You know that life is very uncertain, but you know exactly who you want calling the shots about your life if you can’t make your own decisions. You’ve even given them your health care power of attorney to hold in case an emergency happens.

But have you left specific guidance for that person? Maybe you’ve expressed your general sentiments about end-of-life care to that person, but have you discussed — in detail — advanced care planning issues like:

  • Resuscitation: What are your exact feelings on resuscitation? If your heart stops beating, do you want doctors to try CPR? Is a greater effort — like electric shock — okay?
  • Artificial respiration: Do you want mechanical ventilation if you can’t breathe on your own? At what point would you want it removed?
  • Dialysis: If your kidneys begin to fail, do you want machine dialysis to be attempted? Under what circumstances would you want it stopped?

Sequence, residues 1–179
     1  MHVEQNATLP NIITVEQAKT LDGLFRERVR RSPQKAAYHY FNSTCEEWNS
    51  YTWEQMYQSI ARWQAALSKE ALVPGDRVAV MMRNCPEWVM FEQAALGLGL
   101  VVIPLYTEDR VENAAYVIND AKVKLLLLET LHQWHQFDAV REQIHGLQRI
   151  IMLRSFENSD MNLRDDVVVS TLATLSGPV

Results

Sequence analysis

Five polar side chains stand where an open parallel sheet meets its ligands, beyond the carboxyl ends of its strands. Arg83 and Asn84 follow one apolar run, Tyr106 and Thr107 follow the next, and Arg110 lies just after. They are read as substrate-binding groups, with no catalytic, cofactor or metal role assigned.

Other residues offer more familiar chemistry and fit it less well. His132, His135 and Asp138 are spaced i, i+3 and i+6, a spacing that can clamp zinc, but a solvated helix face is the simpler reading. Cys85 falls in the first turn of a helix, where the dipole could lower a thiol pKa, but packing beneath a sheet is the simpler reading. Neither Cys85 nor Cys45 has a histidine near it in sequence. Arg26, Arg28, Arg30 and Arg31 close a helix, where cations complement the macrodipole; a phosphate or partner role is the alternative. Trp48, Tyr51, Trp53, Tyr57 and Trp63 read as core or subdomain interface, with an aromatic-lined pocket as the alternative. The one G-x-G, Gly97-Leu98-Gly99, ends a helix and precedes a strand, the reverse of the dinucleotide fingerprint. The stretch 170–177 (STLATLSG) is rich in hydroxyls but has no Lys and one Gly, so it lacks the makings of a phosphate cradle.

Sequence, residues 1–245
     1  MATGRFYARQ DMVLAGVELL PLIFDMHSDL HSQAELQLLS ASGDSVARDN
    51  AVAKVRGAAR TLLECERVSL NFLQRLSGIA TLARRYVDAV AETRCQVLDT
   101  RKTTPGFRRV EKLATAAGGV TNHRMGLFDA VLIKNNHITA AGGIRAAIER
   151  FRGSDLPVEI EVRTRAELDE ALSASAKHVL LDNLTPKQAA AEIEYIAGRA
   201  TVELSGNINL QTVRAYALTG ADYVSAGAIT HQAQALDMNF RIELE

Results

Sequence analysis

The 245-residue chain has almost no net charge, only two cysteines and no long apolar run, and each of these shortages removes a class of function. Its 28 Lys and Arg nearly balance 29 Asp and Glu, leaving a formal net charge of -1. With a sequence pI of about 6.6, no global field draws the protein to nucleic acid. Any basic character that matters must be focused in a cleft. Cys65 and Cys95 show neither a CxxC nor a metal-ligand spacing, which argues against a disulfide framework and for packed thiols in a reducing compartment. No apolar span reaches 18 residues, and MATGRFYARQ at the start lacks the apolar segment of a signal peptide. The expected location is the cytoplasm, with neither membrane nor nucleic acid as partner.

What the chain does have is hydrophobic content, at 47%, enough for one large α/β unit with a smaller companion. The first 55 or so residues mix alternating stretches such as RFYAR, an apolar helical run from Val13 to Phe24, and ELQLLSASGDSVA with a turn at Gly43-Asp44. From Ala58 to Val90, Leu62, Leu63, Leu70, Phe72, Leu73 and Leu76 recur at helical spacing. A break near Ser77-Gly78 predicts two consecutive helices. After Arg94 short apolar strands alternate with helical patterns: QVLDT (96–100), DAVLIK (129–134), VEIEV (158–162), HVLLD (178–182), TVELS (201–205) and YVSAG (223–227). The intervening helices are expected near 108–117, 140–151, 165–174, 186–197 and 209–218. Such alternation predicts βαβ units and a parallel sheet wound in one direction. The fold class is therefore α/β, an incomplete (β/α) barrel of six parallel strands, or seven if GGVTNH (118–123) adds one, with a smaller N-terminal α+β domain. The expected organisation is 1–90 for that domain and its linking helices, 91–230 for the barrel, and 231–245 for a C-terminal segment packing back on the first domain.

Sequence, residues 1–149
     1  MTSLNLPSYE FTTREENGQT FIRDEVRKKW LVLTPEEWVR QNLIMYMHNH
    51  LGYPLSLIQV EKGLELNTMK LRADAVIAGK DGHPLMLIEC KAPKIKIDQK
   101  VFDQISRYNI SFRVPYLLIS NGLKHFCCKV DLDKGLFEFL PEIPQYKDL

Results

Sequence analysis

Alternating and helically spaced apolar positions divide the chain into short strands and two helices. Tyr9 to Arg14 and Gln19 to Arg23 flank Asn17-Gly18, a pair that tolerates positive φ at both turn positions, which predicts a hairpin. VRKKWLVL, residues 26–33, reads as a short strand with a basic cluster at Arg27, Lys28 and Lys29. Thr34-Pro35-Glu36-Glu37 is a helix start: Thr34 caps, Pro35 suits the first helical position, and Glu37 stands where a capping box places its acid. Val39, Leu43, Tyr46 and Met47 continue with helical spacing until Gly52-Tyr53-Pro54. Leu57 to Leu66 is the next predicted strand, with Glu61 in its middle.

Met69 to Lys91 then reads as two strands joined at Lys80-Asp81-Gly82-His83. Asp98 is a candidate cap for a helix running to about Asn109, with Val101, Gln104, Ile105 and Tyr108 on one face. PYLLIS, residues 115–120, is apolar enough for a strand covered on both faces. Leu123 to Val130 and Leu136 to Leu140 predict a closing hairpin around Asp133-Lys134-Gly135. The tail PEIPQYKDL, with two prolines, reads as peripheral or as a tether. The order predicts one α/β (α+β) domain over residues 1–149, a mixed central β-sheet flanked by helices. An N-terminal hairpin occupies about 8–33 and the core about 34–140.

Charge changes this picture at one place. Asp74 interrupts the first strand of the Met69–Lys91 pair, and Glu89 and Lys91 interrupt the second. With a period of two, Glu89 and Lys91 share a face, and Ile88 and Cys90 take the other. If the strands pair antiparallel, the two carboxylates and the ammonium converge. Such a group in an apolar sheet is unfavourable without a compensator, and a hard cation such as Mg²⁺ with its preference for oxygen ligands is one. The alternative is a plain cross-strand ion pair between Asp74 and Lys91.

• Tube feeding and fluids: If you are unable to eat, do you want a feeding tube? Would you want the feeding to stop at a certain point? What about fluids if you can’t take liquids by mouth?
  • Pain care: Do you have any objection to pain control methods of any kind? What other sort of palliative care would you want if your condition is terminal?
  • Organ and body donation: Do you want your power of attorney to authorize organ and tissue harvesting? Are you willing to donate bone? What are the limits?

Having all of this written down into an advance directive (or living will) is the best way to make sure that your wishes are unambiguous. It also gives the person making decisions a source of authoritative information, should the need arise.

Are you unsure if your end-of-life plans are sufficient? An elder law attorney can help you better understand your needs.

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